Who am I if I am not seen? Will people forget about me? We crave more. We cannot be satisfied. We will grow weary by trying to stay relevant and current. We want to be known, seen, viewed, and told that we matter by double-clicks and views.
Am I now trying to win the approval of human beings, or of God? Or am I trying to please people? If I were still trying to please people, I would not be a servant of Christ.
Who are we aiming to please?
But just as we have been approved by God to be entrusted with the gospel, so we speak, not as pleasing men, but God who examines our hearts.
1 Thessalonians 2:4
We have the opportunity to bless others, to bring the Kingdom, to help others encounter God. But we lose sight of this gift when we concern ourselves with pleasing others around us.
So what now?
I have scrolled social media in the past seeing it as a “fix.” The fix for loneliness, or to escape, or to fix my boredom…
But what if we used it wisely and for good and in a healthy dose?
One way that we can use technology in the right way is by allowing our online presence to be one of positivity and encouragement.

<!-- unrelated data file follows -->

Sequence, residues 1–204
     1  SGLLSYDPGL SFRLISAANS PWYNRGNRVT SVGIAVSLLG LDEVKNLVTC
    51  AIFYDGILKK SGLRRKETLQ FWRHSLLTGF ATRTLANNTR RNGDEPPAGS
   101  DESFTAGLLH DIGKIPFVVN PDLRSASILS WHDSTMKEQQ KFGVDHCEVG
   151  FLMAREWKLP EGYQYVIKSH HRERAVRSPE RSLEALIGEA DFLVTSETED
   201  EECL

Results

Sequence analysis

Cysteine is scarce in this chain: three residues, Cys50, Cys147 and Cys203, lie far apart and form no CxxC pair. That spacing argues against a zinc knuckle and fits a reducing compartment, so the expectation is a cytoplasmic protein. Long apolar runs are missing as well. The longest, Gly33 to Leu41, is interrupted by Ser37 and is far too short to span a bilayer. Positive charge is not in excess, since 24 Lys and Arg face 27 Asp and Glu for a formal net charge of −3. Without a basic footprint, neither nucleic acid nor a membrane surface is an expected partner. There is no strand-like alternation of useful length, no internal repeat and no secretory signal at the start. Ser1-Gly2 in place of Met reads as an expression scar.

Page 20- “Every Christian is now given unmatched opportunity for online ministry.” Just like this blog you are reading.
Whether you have 30 followers or 30,000 followers, you have the opportunity to be a beacon of HOPE and an example of LIGHT through your online profile. You have the opportunity to use your online platform to give God glory and witness to your through posts, and tweets, and encouraging photos.
My short two week break from social media while I read this book was sobering and convicting. It gave me a healthy dose of humility and self-awareness. I am thankful to have the opportunity to use my social media as a platform for Jesus and as a place to record fun memories with friends.
When your goal is Christ, you must refuse to settle.
So moving forward, what are some practical ways we can practice self-awareness with our online lives?
- Rethink boundaries in your digital life.
- Ask yourself questions.
- Be self-aware.
- Make goals for yourself.
A personal goal I made is that I have decided to take one week every month away from all social media.
Know yourself and your limits to take a step back. The author even encourages the readers to open up the discussion with family friends to get their opinions of your phone habits and usage.
Some questions to ponder:
- Does my phone help or hurt me when reaching my spiritual goals?
- Do people see Jesus when they look at my online profile?
- Am I spending more time browsing and scrolling than interacting with real-life people?
- Am I spending more time browsing and scrolling than spending time with Jesus?
- Is my social media pouring out love and encouragement?
Technology is a gift from God. We must treat it as such and make sure that the Giver is always coming before the gift.